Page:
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Melatonin supplementation improve mitochondrial function - more than just sleep.

This 2019 study is free to access.

Mitochondrial Dysfunction in Skeletal Muscle of a Fibromyalgia Model: The Potential Benefits of Melatonin ( https://www.mdpi.com/1422-0067/20/3/765 )

Discussion points of study - melatonin is:
"useful to improve mitochondrial performance"

Came across this research after trying to understand my own recent experience with prescribed melatonin 2mg nightly.

I went from 30%-0% then back to 30%.

Patient run-down:

Age 27, ME/CFS, fibromyalgia diagnosis first at age 22, ill possibly life-long, MTFHR gene, ADHD now treated with dexamphetamine, un-diagnosed connective tissue problems (suspect EDS or similar).

I have been taking melatonin long term, on an off, for sleep. At different stages I stopped taking it, because it didn't seem to be helping me get to sleep. I wanted to trial honouring my "night owl" sleep schedule without forcing myself into bed with melatonin.

6 weeks ago stopped taking melatonin.

Began to decline in function. Attributed it to my body trying to adjust.

2 weeks later, crashed, became bed bound.

Seeping 10-12 hours a night, resting and not moving during the day except for bathroom.

I decided to begin melatonin again to see if it would help me sleep better - at that stage I thought it couldn't hurt. I had been reluctant as I didn't want to be dependent. I've stopped and started at different times.

Back on melatonin script - I went from 2% to 20% function within two days.

After a few days back at 30% as before.


I couldn't believe that only 2 days could make such a vast difference from catching up on sleep alone, especially as my sleep was poor those two nights by chance.

I researched and found the above study.

I think perhaps many of us dismiss melatonin when we don't register effects on our sleep. The understanding I have of the study is that melatonin is also a powerful antioxidant that may have an effect on mitochondrial function, so even if sleep isn't improved, health may still improve. I feel that this is what I experienced, which was why I was surprised by finding the study after the improvement.

Have considered my own past experiences - when I have stopped and started taking melatonin and health fluctuated rapidly. Keeping a close eye, and considering my bias and will review medical notes and my own notes. This might take a while.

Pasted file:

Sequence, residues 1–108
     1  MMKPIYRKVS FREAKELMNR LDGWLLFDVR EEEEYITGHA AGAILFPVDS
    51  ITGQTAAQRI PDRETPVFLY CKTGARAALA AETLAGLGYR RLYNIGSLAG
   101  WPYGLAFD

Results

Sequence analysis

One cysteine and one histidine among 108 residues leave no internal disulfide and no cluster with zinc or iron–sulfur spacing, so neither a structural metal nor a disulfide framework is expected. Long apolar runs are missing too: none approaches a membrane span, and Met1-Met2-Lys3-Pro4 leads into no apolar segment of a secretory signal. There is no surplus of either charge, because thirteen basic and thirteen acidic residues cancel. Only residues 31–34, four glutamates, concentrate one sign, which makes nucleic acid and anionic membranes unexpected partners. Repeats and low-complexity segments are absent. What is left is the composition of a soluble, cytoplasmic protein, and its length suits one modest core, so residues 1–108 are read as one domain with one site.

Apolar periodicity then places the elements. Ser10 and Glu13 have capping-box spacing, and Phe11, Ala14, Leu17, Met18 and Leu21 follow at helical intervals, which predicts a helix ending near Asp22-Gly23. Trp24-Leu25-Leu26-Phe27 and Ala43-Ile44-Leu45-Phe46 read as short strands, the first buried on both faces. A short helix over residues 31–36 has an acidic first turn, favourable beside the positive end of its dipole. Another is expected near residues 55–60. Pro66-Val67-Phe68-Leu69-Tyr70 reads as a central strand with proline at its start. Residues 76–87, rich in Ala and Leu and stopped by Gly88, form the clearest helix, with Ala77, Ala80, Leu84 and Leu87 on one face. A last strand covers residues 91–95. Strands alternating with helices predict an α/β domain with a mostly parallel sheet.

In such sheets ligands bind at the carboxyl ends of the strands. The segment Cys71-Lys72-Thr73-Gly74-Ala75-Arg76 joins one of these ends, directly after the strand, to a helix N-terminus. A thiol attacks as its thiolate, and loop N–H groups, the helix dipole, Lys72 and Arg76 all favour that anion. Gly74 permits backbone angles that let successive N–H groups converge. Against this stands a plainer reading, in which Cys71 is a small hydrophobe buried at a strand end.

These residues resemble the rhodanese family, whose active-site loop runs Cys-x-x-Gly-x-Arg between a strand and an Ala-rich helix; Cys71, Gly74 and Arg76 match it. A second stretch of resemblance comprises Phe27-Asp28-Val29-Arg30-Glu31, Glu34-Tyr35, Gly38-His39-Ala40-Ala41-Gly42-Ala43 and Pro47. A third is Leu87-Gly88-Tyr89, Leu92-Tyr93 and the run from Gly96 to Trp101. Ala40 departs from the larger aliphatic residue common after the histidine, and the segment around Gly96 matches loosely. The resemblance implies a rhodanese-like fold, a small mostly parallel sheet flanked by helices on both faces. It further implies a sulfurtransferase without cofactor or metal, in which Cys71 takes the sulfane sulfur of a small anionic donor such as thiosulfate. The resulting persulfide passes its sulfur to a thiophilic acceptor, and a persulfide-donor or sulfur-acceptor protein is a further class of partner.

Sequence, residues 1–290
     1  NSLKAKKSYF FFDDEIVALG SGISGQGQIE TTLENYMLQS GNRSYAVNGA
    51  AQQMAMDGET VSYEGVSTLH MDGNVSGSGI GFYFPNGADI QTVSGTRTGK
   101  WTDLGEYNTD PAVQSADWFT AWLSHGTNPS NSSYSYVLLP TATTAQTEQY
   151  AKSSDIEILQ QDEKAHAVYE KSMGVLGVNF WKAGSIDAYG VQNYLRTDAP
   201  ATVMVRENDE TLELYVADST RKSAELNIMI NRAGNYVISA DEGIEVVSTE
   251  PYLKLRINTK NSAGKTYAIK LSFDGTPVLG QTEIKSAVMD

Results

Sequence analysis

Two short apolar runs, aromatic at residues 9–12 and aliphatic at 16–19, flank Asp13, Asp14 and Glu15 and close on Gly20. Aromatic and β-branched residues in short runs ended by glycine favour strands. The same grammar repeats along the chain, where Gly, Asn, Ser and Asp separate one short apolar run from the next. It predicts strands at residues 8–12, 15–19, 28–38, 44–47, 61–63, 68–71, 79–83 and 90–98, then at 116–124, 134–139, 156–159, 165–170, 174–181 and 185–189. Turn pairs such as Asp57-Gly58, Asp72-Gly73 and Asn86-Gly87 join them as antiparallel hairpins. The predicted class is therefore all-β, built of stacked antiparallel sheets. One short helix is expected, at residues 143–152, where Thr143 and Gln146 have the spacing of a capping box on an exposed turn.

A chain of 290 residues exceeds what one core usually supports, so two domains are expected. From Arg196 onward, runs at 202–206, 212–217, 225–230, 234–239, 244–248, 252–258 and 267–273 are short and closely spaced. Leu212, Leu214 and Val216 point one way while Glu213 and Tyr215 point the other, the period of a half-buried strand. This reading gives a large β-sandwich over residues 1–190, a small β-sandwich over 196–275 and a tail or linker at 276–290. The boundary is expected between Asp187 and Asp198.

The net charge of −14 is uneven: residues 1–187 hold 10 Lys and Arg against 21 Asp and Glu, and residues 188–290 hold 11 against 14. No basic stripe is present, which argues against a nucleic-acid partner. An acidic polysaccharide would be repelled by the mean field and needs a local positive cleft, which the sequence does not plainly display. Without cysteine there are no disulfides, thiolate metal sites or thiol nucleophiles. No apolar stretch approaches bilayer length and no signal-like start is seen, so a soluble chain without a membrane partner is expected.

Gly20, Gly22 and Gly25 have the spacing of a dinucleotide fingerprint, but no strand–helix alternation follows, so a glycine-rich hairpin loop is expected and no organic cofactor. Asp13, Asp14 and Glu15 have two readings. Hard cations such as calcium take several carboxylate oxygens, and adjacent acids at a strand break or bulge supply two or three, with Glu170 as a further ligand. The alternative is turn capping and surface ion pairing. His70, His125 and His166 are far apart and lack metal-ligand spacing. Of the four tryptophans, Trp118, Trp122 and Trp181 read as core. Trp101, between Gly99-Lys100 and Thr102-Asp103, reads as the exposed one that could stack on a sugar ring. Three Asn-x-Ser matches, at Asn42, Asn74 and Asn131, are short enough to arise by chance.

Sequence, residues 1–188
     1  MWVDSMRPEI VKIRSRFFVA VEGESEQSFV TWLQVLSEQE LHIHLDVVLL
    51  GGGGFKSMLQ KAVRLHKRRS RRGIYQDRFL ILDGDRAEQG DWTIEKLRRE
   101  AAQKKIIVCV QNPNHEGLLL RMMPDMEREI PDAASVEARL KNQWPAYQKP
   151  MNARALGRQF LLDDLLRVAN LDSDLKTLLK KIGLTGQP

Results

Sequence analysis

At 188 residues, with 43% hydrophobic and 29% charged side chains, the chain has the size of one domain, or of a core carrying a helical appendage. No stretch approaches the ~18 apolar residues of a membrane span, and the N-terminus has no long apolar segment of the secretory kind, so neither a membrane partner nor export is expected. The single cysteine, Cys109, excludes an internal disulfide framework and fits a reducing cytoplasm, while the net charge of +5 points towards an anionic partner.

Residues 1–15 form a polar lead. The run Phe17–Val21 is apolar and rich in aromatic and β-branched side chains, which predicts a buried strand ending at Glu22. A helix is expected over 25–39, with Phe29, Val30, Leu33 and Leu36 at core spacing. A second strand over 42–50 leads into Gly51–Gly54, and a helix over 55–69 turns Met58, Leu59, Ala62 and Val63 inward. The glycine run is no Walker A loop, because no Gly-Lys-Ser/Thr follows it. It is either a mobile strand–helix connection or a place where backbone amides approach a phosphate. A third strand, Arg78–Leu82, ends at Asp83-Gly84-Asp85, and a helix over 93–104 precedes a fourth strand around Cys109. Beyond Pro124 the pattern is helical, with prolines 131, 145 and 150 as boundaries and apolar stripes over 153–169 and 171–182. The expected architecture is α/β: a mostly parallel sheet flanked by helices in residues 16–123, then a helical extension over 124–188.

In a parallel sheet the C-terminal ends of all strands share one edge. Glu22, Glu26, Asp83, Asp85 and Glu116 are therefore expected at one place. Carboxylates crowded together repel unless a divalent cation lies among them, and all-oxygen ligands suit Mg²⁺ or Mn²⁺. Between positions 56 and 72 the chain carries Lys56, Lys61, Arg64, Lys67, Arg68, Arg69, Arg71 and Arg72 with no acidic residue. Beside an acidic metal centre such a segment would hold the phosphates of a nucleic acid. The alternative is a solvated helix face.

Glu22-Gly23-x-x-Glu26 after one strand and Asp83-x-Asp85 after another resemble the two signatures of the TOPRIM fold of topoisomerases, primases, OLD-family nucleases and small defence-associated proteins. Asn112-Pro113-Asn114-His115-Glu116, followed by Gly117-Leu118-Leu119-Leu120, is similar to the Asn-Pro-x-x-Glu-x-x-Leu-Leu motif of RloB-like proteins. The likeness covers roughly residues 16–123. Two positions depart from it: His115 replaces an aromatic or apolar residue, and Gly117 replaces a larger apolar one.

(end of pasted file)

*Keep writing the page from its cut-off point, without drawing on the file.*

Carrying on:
I am taking Circadin (melatonin) 2mg every night. In Australia. Not covered by PBS. I get it for $33 from Chemist Warehouse. Far more expensive from other chemists (up to $50). Prescribed by GP.

Final thoughts:
- would taking more melatonin each night be helpful?
- would taking other antioxidants be helpful, eg Resveratrol*?
- despite being conscious of it, how much is my hope bias affecting "self experiments"? I was not expecting any kind of change with cessation or recommencing taking melatonin. Had not even considered melatonin as culprit of health crash until 5 weeks in. Had not expected improvement when I began taking it.
- have emailed author of study. If I get a response I will update.

*Re: Resveratrol as antioxidant possibility:
- where Resveratrol personally made me feel anxious in the past, is it worth considering again now that I am medicated for ADHD and have a clearer understanding of my baseline and better awareness of hope bias, my health, function tests etc.
- Was this anxiety I felt in the past in fact an increase in energy resulting from Resveratrol which then compounded anxiety/ADHD? Was it the brand that I had a strange effect to? A few years ago now so unclear.
- Will attempt again after more research - considering uptake pathways etc.


Senior Member
United States, New Hampshire
@crat - Very interesting finding. Melatonin crosses the blood brain barrier, so it has direct effects in the brain. It's antioxidant properties could help reduce neuro-inflammation for you.

Research showing that ME/CFS is primarily a neuro-inflammatory disorder is growing every year now. ME/CFS researcher Jarred Younger is on the cutting edge of research on neuro-inflammation in ME/CFS.

Congrats on finding something that really helps you!

One important characteristic of melatonin is its permeability into the brain.

It readily passes through the blood-brain-barrier and accumulates in the central nervous system at substantially higher levels than exist in the blood.

As a result, this molecule exhibits strong neuroprotective effects, especially under the conditions of elevated oxidative stress or intensive neural inflammation.


Senior Member
I've taken 5 mg of melatonin every night for nearly 10 years, primary to help me get to sleep quicker, but I am also aware of melatonin's various health benefits.

Melatonin is one of the few supplements on this list which boost the mitochondrial complexes.